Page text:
If they are serious about promoting least-cost solutions to the world's energy and climate crisis, they need to redirect their funds towards institutions that are better equipped to support renewable energy, energy conservation and efficiency improvements.
On March 23, 1882, a girl named Emmy Noether was born in Erlangen, Bavaria. The daughter of a mathematician, she would turn out to be a mathematical genius and make one of the most important contributions to physics in the twentieth century.
When several faith groups made visits to Congress last spring under the auspices of Interfaith Moral Action on Climate, the power of diverse faiths speaking with one voice on this issue became clear for me.
Preventable energy waste costs Americans hundreds of billions of dollars a year and studies have shown that most Americans continue to live in denial about their energy consumption. But students are turning that around.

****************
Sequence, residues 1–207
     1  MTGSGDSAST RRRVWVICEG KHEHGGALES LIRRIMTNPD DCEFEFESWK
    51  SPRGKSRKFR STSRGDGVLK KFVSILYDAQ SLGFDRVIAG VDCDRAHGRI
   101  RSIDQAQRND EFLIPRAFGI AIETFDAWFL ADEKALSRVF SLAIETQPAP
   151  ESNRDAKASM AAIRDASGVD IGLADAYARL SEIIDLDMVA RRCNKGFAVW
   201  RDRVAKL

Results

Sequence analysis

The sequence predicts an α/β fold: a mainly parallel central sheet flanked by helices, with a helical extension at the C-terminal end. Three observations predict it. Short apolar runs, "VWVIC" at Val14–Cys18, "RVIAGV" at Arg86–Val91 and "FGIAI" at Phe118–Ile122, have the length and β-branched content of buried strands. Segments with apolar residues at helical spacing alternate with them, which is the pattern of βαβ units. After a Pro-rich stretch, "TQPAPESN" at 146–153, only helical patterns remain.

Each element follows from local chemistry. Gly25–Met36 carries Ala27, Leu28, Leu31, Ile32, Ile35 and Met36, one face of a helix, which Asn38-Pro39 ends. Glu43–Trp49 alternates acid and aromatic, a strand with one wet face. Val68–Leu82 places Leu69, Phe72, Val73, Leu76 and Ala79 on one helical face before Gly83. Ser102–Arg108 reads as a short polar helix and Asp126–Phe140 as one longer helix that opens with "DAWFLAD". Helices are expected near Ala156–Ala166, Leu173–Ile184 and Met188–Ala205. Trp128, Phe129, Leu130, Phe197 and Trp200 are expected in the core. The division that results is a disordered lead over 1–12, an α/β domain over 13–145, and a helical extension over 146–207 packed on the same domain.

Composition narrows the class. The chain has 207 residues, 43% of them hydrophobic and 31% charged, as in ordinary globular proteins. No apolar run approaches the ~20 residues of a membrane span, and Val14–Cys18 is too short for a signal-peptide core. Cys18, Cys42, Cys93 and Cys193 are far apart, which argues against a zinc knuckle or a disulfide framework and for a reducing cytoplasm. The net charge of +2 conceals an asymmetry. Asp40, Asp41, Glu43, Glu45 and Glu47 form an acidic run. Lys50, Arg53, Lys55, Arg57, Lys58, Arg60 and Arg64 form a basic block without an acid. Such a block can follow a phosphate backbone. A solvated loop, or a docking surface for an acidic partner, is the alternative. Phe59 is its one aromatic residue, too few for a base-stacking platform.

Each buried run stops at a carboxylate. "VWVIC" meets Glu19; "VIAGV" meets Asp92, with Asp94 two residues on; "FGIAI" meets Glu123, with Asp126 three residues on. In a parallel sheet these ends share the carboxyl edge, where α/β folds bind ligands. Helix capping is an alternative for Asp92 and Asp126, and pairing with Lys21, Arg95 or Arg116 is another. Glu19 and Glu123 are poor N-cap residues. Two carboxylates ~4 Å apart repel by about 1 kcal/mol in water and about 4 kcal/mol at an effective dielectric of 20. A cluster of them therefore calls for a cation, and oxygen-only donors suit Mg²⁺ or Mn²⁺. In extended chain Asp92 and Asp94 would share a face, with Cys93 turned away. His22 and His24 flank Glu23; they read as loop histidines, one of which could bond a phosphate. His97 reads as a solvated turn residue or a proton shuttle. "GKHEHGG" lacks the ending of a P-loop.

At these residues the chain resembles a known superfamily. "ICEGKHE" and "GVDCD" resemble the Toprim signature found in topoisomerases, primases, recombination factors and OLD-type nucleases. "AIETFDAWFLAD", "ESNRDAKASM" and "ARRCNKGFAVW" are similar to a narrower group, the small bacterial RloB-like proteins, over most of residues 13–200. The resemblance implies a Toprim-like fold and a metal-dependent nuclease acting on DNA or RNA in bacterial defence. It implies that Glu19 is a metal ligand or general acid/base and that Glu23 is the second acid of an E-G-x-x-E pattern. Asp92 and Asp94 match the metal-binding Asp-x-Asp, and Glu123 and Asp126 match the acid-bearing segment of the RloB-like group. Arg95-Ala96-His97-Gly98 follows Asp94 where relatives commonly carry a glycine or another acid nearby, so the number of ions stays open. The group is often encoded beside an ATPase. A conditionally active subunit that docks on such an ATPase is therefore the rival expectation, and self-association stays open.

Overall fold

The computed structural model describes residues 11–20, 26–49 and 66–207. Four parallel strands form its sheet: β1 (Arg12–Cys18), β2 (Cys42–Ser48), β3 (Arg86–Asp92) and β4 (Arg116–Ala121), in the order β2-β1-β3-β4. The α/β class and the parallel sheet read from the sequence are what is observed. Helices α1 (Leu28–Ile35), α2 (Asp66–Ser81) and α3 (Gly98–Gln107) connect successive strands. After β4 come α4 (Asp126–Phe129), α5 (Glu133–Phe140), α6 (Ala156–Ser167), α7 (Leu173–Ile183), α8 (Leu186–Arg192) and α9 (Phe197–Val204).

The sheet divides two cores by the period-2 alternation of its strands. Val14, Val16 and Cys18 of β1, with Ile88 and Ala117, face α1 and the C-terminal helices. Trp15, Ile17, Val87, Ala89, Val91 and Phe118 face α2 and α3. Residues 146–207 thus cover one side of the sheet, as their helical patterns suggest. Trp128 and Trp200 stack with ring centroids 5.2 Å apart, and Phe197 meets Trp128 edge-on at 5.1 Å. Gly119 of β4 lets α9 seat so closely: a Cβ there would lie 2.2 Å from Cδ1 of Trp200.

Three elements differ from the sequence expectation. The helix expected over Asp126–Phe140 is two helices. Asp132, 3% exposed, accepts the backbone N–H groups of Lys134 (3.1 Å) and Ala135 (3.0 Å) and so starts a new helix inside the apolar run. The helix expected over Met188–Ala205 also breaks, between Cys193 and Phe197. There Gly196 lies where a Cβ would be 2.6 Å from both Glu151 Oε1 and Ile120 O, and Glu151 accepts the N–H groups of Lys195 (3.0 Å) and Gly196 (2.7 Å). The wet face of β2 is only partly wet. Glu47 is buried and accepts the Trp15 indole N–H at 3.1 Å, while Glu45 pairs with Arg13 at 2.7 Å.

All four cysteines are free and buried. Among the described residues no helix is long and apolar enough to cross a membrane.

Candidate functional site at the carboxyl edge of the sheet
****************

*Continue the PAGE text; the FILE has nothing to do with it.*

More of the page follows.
I don't believe our window of opportunity has closed on building new big reserves; not yet anyway. But we need to be much more creative and more optimistic if we are going to breathe new life into, and reawaken, that Golden Era.
Students in more than 116 schools across the U.S. are competing to reduce their electricity consumption by participating in the 2012 national Green Cup Challenge® (GCC) during peak winter energy usage, Jan. 18 to Feb. 15.
It's hard to take the train in New York without encountering a pop quiz about energy usage. The trouble with this sort of public advertising campaign? Presenting myths and facts often sows more confusion than it dispels.
The Steinbeck Award points to examples of American patriots who have made an indelible impact on our culture. Mr. Moore aptly fulfills every required parameter designed to guide the choice of award recipients.